Humans are becoming concerned that Humboldt squid are beginning to take over the oceans. ‘Tis not our fault, but humans’ for altering the ocean environment in our favor. Humans are fishing out too many large predators like tuna, swordfish, and sharks. We are eating what those overfished animals used to eat, and have been able to expand our territory to ask far south as Chile, and as far north as Alaska in the Eastern Pacific Ocean. So I hope humans continue to like calamari (just don’t eat me, thanks), as we squid may soon take over all the oceans…
You can help by eating only sustainably caught fish. Download the Monterey Bay Aquarium’s Seafood Watch App today!
Wow, it’s already International Cephalopod Awareness Days again! (see my post from last year’s Octopus Day about the Great Pacific Garbage Patch
Here are the Cephalopod Awareness Days we are celebrating: October 8 is Octopus Day (my favorite!), October 9 is (Chambered) Nautilus Day, October 10 is Squid and Cuttlefish Day, October 11 is Myths and Legends, and October 12 is Fossils and Extinct Species (Vampire Squid fit here as “living fossils”, they have been in the news lately, perhaps you have heard that they eat feces and corpses in the deep sea?)
In honor of Octopus Day, I thought I would go over the “State of the Oceans.” Since I’m no orator (I have no vocal cords), you’ll have to settle for my thoughts.
Right now there are 3 major issues facing the ocean today:
1. Global Warming
Whether or not you believe global warming is currently happening, or that it is humans that are causing it, the effects of global warming have been shown over geologic time (i.e. longer than humans have inhabited the earth). Global warming causes seawater temperatures to rise, which can have devastating effects on all wildlife, especially on corals. For more on coral bleaching see my last post.
Due to global warming, sea level rises faster than usual due to the melting of the polar ice caps. Ocean acidification occurs because of all the extra carbon dioxide that the ocean absorbs, and it causes seawater to become more acidic (like soda or orange juice). It mainly affects those animals that have calcium carbonate skeletons, especially the plankton at the bottom of the food chain. For more on that read Terry the Pteropod’s post on ocean acidification.
Pollution comes in many forms, including chemical (like fertilizer runoff and industrial waste), and physical (like garbage or silt). Garbage is the most insidious form of pollution in the oceans. It consists mainly of plastic in all shapes and forms. Plastic never biodegrades, and all the plastic that has ever been produced is still around today (unless it was incinerated). For more, read my previous post on the Great Pacific Garbage Patch.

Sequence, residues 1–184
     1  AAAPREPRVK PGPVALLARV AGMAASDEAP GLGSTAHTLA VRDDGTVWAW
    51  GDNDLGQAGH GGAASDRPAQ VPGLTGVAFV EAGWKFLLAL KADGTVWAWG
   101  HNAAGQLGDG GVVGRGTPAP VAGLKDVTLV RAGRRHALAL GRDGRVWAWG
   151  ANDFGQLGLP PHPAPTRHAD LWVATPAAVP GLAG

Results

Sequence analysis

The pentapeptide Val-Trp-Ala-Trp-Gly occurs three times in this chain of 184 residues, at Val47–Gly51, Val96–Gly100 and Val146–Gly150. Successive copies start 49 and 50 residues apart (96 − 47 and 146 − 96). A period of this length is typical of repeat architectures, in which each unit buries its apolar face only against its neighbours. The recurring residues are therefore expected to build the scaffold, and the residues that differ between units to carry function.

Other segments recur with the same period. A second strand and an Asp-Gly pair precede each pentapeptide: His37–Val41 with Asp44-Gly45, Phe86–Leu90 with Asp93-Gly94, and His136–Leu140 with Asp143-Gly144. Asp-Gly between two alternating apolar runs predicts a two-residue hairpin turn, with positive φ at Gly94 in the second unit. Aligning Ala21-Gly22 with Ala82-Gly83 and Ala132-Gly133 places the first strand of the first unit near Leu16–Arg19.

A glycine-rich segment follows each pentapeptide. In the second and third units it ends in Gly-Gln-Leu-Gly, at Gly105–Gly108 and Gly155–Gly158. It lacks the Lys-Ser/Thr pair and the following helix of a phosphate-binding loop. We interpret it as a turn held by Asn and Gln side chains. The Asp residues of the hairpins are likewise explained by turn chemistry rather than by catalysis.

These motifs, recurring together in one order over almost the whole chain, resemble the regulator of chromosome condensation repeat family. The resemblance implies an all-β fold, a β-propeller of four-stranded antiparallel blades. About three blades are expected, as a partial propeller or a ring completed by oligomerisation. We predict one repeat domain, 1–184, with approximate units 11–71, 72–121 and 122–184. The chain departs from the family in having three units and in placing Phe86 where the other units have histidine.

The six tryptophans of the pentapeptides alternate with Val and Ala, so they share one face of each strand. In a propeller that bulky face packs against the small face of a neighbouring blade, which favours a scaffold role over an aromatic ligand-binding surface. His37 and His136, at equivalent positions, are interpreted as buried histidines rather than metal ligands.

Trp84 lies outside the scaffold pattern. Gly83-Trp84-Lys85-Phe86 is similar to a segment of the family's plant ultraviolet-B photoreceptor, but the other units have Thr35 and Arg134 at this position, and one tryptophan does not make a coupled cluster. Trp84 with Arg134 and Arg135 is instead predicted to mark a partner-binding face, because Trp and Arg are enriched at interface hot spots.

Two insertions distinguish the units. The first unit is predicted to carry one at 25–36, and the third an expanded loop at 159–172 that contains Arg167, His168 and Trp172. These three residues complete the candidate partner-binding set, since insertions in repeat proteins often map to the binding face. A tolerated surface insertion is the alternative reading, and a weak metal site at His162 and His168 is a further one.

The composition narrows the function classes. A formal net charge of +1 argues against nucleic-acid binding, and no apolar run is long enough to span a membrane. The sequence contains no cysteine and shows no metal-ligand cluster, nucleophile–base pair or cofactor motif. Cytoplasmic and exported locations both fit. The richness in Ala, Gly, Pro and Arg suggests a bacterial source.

Overfishing is happening all around the world in all the world’s oceans. Every single country that fishes is catching more fish than can be replaced by the birth rate of new fish. This means that most marine animals eaten as seafood are being fished unsustainably! For more information on overfishing, please watch the documentary The End of the Line.
Once again, I’m out of time. I’ll be back soon to discuss more pressing ocean issues. Please hug a cephalopod today! Or at least abstain from eating us or buying our shells (see Shelley the chambered nautilus’ post), thank you!!
Sigh, I get no respect unless I am dead and my shell is mounted on a human’s wall. My name is Shelley, and I am a chambered nautilus. I am so unlike my sexy and charismatic cephalopod cousins. You have probably heard of them because you eat them! There is the intelligent and camouflage master called the octopus, the swiftly darting and flashing squid (also known as calamari), and the hovering aliens known as cuttlefish. Well, maybe you have not heard of a cuttlefish, but any bird owner is familiar with their cuttlebone, which is used by birds to sharpen their beaks. Once you learn about their puppy-like behavior and the lightning quick manner in which they use their two front tentacles to nab prey, I am sure you will fall in love with them!
Unfortunately I fall into the category of “things that go bump in the night.” I emerge like a vampire from the pitch black depth of 2000 feet (610 meters) to the slightly less pitch dark depth of 328 feet (100 meters) at night to feed.
I look like an upside down snail (another creature that does not get much respect unless it is cooked on a plate in front of a human!) with thin tentacles waving every which way. My shell, which is highly sought after by human collectors, makes me the evolutionary link between the other shell-less cephalopods and the rest of the animal kingdom. As a chambered nautilus I should be flattered by that, but it just makes me feel like a freak in comparison!
But I do love my shell! My many internal shell chambers (hence the “chamber” in my name) are lined with this beautiful pearlescent sheen, and they are what make me so appealing to humans when my shell is sliced in half and used as a decoration. I grow more chambers as I get older and grow larger. These chambers are essential to my well being as I force air in and out of them so I can rise and fall in the water column. I am like a miniature submarine that controls its buoyancy by capturing and releasing water.
I would love to dazzle you with the chambered nautilus’ population numbers across all the oceans, but not only do I not know, but humans have no idea either! They do not even have an estimate. Humans can count imported shells, but like many species that go extinct because of human causes, no one knows that they are killing the last member of a species. So please stop buying chambered nautilus shells before we go extinct! Thank you!
Update: In the United States, the Chambered Nautilus is listed under the Endangered Species Act. Trade of its shell is not being regulated 🙁 so the Chambered Nautilus is vulnerable to overfishing.